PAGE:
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Hope Increases for People who have Pancreatic Cancer Because Scientists have Identified Cancer-suppressing Cells

A team of scientists from the reputed Nagoya University has revealed that the presence of specific cancer-suppressing cells in pancreatic cancer.

In a recent study by a team of researchers at Nagoya University, it was revealed the presence of particular cells capable of suppressing cancer in pancreatic cancer cells. The cells containing a specific protein referred to as “Meflin” played a vital role in inhibiting the overall progression of the pancreatic cancer cells. Pancreatic cancer is the specific type of cancer that is known to be hard to treat with the help of conventional anti-cancer therapies and drugs.

In the given study, the team of scientists also aimed at revealing what the overall progression of pancreatic cancer cells can be minimized significantly by artificially increasing the total amount of the given protein “Meflin” in the cells. The findings of the study can be successful in leading to the development of new treatment options as well as therapies for treating pancreatic cancer. The results of the study were published in August in the leading journal named “Cancer Research.”

The Study Involving Cancer-Suppressing Cells

Cancer cells are known to be surrounded by stromal cells –including fibroblasts. Fibroblasts are known to divide into at least two types of populations – the one promoting the progression of cancer cells and the others that aim at restraining the process of cancer cell progression. However, the innate nature of fibroblasts for restraining cancer cells remains unknown. The innate nature of fibroblasts is because of the absence of particular markers for the given population with various markers of fibroblasts that promote cancer is being identified.

A team of researchers aimed at identifying the marker of fibroblasts that restrain the progression of cancer cells. The team of researchers is being led by Prof. Masahide Takahashi & Associate Prof. Atsushi Enomoto –Department of Pathology at the reputed Graduate School of Medicine in Nagoya University. The team of researchers conducted studies on the body’s fibroblasts. Fibroblasts are known to exist in abundant numbers around the cells of pancreatic cancer while identifying the presence of the protein, namely “Meflin.”

The team of researchers aimed at focusing on the given protein. Based on the series of studies from as many as 71 patients having pancreatic cancer, the team of researchers revealed that patients having a higher amount of Meflin experienced slower progression of the pancreatic cancer cells. The experiments of the team conducted on mice samples also revealed that the progression of pancreatic cancer cells was significantly faster in mice samples having no Meflin. Therefore, it was concluded that the protein Meflin serves to be a significant marker of fibroblasts that helped in restraining pancreatic cancer cells.

At the same time, the study also revealed that by administering Vitamin D to the fibroblasts in the body, it helped in increasing the overall amount of Meflin in the pancreatic cancer cells. It was observed that the progression of pancreatic cancer cells could be restrained effectively by increasing the level of this protein artificially by incorporating vitamin D into the fibroblasts. Professor Takahashi says that the team of scientists’ goal at developing drugs that can help in increasing the levels of Meflin. This is helping in creating new targeted therapies for treating pancreatic cancer –a specific cancer type that is known to be difficult to treat with conventional anti-cancer drugs.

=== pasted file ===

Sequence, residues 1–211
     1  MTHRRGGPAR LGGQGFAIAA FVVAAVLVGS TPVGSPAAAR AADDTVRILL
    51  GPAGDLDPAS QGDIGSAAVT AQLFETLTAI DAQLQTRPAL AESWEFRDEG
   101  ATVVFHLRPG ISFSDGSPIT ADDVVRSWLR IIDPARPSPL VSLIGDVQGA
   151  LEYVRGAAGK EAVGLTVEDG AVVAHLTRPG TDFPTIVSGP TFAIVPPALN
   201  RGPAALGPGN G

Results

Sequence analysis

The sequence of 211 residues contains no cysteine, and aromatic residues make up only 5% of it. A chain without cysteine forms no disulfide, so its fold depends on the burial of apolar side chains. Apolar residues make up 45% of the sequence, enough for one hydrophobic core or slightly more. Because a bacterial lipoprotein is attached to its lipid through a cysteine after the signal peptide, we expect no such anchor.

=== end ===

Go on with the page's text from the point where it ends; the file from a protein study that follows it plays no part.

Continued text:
About Pancreatic Cancer

Pancreatic cancer is the variant of cancer that is known to develop in the pancreas of the body. The pancreas is the organ that is located towards the lower area of the stomach. The pancreas is responsible for releasing enzymes that are helpful in digestion along with a series of hormones that help in managing the blood sugar levels of the body.

Pancreas cancer is known to spread out to other nearby organs of the body typically. This type of cancer is rarely diagnosed during the initial stages of the disease. One of the major symptoms of pancreatic cancer is having diabetes – primarily when diabetes is known to occur along with weight loss, pain in the abdomen area, or jaundice. Some of the available options for the treatment of pancreatic cancer are surgery, radiation therapy, chemotherapy, and a series of innovative drugs. Some of the common symptoms associated with pancreatic cancer are:

  • Blood clots
  • Pain across the upper abdomen area that spreads out to the back area
  • Unintentional weight loss or loss of appetite
  • Onset of diabetes
  • Depression
  • Fatigue
  • Jaundice-like symptoms

Pancreatic cancer is known to occur when the cells in the pancreas of the body start mutating in the respective DNAs. The subsequent mutations in these cells lead to the uncontrolled growth of the cells while continuing to live even after healthy cells would die. The accumulating cells can lead to the development of the tumor. 

Pancreatic cancer that is left untreated is known to spread out to the nearby organs as well as blood vessels. Most cases of pancreatic cancer are known to develop in the cells lining the ducts of the organ. This type of cancer is referred to as the pancreatic exocrine cancer or pancreatic adenocarcinoma cancer. Only in rare cases, this type of cancer is known to develop in the cells that produce hormones or the neuroendocrine cells in the pancreas.

With the overall complications involved in pancreatic cancer, the latest studies involving innovative methods to treat the disease serve hopeful to the patients all around the world.

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